How to Train Your Dragon 2 is a perfect parent/child bonding experience
How to Train Your Dragon 2 is heartrending, heartwarming, and even more exciting than its predecessor is. In a theatre full of excited children there were cheers, and tears and not one perceptible ounce of disappointment. I’m not really sure if you can measure the disappointment of children in ounces, I’m not really sure why one would need to measure childhood disappointment. Is there are market? If there is you won’t strike it rich off this movie. There were however, several ounces of tears, mostly children’s but many adults shed at least one, or dozens.
The sequel is often not as good, or just as good, as its predecessor. Occasionally a sequel will surpass the original; I believe How to Train Your Dragon 2 did just that. I believe this film owes its effectiveness to the first film, the subsequent shorts, and the television series, which firmly established the primary characters, and embedded them into the consciousness of the audience. There is no need to slough though character development, or moral dilemmas. The conflicts are much more personal, and rooted in the strong relationships that have developed. As an audience member that has enjoyed the first film and the follow-ups, along with my children, we held an emotional connection that pulled us through the story by the heartstrings.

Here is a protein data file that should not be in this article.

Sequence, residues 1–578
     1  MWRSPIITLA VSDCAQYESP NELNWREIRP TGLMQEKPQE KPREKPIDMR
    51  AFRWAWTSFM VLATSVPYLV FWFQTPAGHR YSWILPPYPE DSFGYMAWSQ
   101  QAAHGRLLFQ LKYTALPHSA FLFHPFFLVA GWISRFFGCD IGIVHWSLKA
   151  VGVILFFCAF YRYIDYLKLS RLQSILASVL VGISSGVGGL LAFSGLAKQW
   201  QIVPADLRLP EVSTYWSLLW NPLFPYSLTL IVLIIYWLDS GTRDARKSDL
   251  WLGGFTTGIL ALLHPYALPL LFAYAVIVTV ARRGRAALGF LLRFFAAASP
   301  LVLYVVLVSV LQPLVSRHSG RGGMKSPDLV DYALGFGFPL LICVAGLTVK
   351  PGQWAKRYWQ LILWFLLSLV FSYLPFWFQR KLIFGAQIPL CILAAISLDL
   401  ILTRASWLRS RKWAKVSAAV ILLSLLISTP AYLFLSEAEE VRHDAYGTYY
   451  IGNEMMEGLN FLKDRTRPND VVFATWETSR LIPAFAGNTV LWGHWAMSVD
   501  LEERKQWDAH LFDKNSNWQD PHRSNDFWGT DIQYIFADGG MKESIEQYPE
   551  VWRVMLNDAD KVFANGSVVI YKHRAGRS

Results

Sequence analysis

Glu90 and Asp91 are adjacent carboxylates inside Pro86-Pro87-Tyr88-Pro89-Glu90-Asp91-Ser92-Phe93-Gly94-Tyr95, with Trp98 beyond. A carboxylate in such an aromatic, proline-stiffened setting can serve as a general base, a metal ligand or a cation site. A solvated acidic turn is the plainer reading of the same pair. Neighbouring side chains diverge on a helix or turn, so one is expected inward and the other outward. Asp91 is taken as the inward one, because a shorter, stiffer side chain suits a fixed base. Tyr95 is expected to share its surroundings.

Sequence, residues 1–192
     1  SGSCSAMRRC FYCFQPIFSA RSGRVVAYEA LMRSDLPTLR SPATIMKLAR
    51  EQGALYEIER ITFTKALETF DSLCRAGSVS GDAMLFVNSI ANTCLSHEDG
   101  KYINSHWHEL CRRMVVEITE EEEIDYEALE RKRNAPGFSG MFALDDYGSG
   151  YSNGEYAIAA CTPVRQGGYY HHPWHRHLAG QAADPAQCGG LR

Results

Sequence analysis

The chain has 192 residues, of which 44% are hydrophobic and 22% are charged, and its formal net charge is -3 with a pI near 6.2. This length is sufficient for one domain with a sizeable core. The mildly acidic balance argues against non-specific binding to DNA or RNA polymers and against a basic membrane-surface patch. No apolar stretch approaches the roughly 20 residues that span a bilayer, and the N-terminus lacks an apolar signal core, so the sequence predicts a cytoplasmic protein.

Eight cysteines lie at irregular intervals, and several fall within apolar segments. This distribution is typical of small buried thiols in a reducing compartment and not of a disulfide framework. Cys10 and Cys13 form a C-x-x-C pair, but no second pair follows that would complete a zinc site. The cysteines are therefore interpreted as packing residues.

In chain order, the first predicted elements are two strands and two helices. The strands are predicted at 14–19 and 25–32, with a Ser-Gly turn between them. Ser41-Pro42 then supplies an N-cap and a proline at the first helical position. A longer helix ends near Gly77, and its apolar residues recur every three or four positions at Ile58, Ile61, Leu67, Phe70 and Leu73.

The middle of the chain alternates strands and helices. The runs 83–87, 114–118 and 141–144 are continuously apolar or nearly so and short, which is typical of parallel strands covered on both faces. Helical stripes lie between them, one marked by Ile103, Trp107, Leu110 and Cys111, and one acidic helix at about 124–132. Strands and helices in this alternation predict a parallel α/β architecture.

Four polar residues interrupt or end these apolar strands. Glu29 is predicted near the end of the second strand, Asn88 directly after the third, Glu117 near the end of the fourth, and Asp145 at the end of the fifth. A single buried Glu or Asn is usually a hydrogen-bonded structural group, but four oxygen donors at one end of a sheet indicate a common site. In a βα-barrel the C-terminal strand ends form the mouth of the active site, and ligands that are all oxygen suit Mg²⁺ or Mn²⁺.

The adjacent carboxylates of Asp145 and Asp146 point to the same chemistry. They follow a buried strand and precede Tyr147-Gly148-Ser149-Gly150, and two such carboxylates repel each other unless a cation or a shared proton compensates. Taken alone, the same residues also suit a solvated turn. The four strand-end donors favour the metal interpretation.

It’s been five years after Hiccup befriended a dragon he named Toothless, and forged a lasting peace and friendship between the Vikings of Berk and the dragons. Hiccup and Toothless have taken to exploring, and mapping the world around Berk, finding countless new lands, and avoiding taking over duties of chief from his father, Stoick. One of these new lands Hiccup makes a startling discovery, dragon hunters chasing a mysterious dragon rider. This discovery propels Berk into war with Drago, and his dragon army, but Hiccup discovers an unlikely ally. The mysterious dragon rider shows Hiccup something he never imagined he would find, and something he never imagined losing. The peace of all men and dragons is uncertain, and only Hiccup can challenge Drago before it’s too late.
The film presents a multitude of elements extraordinarily well. It is hilarious, exciting, endearing, and heartbreaking. The heartbreaking moments make the film for me. Many children’s films are almost too optimistic, too happy. There is rarely a significant threat that anything tragic will really happen, when it does we have the chance to sit with our children as they experience loss and tragedy in a real and beautiful way. We have the chance to talk to them about it, watch them learn to cope, and learn that the sad moments don’t ruin the happy, and the happy moments don’t soften the bad. I think a very smart doctor said that.
I enjoyed this film immensely, but my children enjoyed it even more. 5 of 5
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